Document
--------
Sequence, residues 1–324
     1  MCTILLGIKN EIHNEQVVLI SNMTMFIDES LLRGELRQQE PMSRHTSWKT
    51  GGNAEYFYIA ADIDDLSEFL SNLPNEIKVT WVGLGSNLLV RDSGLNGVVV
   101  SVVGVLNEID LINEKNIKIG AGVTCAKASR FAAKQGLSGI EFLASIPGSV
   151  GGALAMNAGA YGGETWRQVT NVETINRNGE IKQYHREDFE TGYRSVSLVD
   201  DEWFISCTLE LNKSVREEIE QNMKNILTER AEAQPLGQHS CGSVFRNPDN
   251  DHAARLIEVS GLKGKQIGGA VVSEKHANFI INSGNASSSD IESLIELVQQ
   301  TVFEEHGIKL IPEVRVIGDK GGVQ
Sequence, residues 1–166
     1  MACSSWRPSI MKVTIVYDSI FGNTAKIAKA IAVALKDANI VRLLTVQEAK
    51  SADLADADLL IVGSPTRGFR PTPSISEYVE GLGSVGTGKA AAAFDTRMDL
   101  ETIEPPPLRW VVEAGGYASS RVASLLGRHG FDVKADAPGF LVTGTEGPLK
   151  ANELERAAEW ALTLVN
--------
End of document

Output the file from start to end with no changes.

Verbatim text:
Sequence, residues 1–324
     1  MCTILLGIKN EIHNEQVVLI SNMTMFIDES LLRGELRQQE PMSRHTSWKT
    51  GGNAEYFYIA ADIDDLSEFL SNLPNEIKVT WVGLGSNLLV RDSGLNGVVV
   101  SVVGVLNEID LINEKNIKIG AGVTCAKASR FAAKQGLSGI EFLASIPGSV
   151  GGALAMNAGA YGGETWRQVT NVETINRNGE IKQYHREDFE TGYRSVSLVD
   201  DEWFISCTLE LNKSVREEIE QNMKNILTER AEAQPLGQHS CGSVFRNPDN
   251  DHAARLIEVS GLKGKQIGGA VVSEKHANFI INSGNASSSD IESLIELVQQ
   301  TVFEEHGIKL IPEVRVIGDK GGVQ
Sequence, residues 1–166
     1  MACSSWRPSI MKVTIVYDSI FGNTAKIAKA IAVALKDANI VRLLTVQEAK
    51  SADLADADLL IVGSPTRGFR PTPSISEYVE GLGSVGTGKA AAAFDTRMDL
   101  ETIEPPPLRW VVEAGGYASS RVASLLGRHG FDVKADAPGF LVTGTEGPLK
   151  ANELERAAEW ALTLVN